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Duke of Deception by Geoffrey Wolff
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Duke of Deception (edition 1990)

by Geoffrey Wolff

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Showing 4 of 4
As you start the book, be clear as to who "Kay" is, because it's kind of confusing, and the author will return to the opening scene toward the end. ( )
  x_hoxha | May 26, 2013 |
This is the kind of memoir that makes the reader squirm for its raw account of dysfunction. It embodies the conflict between truth, wishful thinking, and memories, while portraying a certain lifestyle and era that baby boomers and their parents may remember vividly. ( )
  sleahey | Sep 11, 2012 |
June is the month for celebrating fathers. I don't think celebrating is what Wolff had in mind when he wrote the Duke of Deception. Instead I think the writing was cathartic for him and a way to exorcize demons that have haunted him since childhood. If it possible to have the perfect balance of a love/hate relationship with a family member Wolff accomplished it. Throughout the entire tale Wolff is matter of fact to the point of being downright cold and yet, you can tell he loved and worshiped his father. He just didn't completely understand him. Geoffrey Wolff is a son who couldn't wait to be far enough away but was never close enough. Probably the most astounding aspect of "Duke" Wolf was his ability to exploit and swindle people at every chance he got. Lying, cheating, stealing became second nature to him. My mind reeled every time Duke Wolff uprooted his family to dodge a debt. ( )
  SeriousGrace | Jun 20, 2012 |
This book grabbed me from page one and kept me. Having grown up with a very careful and frugal father who lived through the Depression and taught my siblings and me the necessity and advantages of saving, working and earning our keep, it was hard for me to imagine a father like Geoffrey Wolff had, who so flaunted the rules and laws of society - and for many years got away with it. I mean this guy, Arthur Wolff, was like the Great Imposter and the Wizard of Oz. He knew how to work the system and lived the good life - at least part of the time. It took his older son a while to figure out what his father was, but even when he finally had, he couldn't completely hate him. There is such a see-saw of emotions and material circumstances and living conditions displayed here that, frankly, I can't understand how the author survived his childhood and became a respected writer and teacher. But he did, and I salute him. I'd read a few of his little brother's books, but this is the first book by Geoffrey Wolff I had read. I will have to look for his other books now. This is simply darn good writing. I was sorry to see the story end, and particularly sad at how it ended. Wolff's father may have lived large, but he died alone and unnoticed. And in spite of everything, Geoffrey Wolff still thinks of his dad - and misses him. Good book. ( )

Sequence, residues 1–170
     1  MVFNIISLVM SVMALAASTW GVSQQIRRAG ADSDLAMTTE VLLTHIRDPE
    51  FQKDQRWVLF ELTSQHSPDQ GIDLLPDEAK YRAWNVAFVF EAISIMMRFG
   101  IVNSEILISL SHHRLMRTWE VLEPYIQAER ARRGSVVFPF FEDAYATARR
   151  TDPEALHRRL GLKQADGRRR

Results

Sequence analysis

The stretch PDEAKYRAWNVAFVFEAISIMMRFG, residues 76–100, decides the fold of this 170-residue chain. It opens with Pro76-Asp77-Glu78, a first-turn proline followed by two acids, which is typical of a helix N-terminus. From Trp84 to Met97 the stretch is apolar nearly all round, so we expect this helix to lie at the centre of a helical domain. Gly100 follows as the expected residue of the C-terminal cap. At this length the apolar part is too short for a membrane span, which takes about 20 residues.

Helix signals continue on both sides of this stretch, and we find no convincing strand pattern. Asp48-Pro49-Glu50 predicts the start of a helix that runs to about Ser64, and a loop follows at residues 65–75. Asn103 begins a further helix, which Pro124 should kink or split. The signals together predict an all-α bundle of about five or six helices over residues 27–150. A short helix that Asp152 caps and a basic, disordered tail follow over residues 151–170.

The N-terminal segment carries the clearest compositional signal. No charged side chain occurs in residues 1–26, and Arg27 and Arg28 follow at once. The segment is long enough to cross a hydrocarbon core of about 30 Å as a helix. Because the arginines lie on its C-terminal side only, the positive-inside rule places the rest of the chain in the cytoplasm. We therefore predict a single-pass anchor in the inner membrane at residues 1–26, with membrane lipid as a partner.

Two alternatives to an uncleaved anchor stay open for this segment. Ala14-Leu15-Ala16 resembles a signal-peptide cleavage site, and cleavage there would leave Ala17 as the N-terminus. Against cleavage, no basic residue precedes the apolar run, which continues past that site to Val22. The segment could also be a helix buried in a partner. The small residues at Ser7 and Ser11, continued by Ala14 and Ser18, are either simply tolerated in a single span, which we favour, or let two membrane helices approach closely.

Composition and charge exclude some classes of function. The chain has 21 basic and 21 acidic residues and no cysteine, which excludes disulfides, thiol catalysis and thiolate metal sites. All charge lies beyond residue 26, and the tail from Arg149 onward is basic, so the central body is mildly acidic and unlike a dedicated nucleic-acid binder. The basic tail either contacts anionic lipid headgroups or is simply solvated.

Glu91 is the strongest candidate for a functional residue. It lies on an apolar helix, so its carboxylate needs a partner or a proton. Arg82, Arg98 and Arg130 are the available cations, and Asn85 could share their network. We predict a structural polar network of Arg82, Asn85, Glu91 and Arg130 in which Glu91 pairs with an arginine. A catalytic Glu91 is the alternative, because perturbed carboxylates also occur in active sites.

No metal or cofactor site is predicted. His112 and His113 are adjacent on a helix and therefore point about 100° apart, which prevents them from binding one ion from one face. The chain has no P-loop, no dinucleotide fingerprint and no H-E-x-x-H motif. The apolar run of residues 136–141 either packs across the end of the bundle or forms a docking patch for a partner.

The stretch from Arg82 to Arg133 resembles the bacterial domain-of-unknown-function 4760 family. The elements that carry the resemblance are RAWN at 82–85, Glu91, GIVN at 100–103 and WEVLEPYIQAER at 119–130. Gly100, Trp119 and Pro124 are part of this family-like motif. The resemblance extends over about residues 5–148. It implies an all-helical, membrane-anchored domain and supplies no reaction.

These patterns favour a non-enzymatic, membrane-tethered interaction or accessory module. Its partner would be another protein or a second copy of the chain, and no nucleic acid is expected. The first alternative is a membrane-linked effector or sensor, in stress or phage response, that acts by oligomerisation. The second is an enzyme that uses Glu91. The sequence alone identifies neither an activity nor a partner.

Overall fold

TimBazzett | Dec 11, 2009 |
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This story is for Justin and Nicholas
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On a sunny day in a sunny humor I could sometimes think of death as a mere gossip, the ugly rumor behind that locked door over there.
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Amazon.com Product Description (ISBN 0679727523, Paperback)

Duke Wolff was a flawless specimen of the American clubman -- a product of Yale and the OSS, a one-time fighter pilot turned aviation engineer. Duke Wolff was a failure who flunked out of a series of undistinguished schools, was passed up for military service, and supported himself with desperately improvised scams, exploiting employers, wives, and, finally, his own son.

In The Duke of Deception, Geoffrey Wolff unravels the enigma of this Gatsbyesque figure, a bad man who somehow was also a very good father, an inveterate liar who falsified everything but love.

(retrieved from Amazon Mon, 30 Sep 2013 13:27:03 -0400)

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